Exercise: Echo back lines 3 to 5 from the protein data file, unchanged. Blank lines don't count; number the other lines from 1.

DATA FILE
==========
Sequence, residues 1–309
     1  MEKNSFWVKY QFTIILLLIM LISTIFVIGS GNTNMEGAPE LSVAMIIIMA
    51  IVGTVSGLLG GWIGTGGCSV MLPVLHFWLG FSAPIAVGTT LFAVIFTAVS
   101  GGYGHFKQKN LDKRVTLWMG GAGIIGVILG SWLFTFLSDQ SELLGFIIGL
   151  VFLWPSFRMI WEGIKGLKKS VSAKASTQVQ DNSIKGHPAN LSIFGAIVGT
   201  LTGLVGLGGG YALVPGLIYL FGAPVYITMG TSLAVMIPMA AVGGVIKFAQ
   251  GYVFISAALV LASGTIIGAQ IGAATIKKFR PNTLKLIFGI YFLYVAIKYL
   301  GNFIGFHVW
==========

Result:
    51  IVGTVSGLLG GWIGTGGCSV MLPVLHFWLG FSAPIAVGTT LFAVIFTAVS
   101  GGYGHFKQKN LDKRVTLWMG GAGIIGVILG SWLFTFLSDQ SELLGFIIGL
   151  VFLWPSFRMI WEGIKGLKKS VSAKASTQVQ DNSIKGHPAN LSIFGAIVGT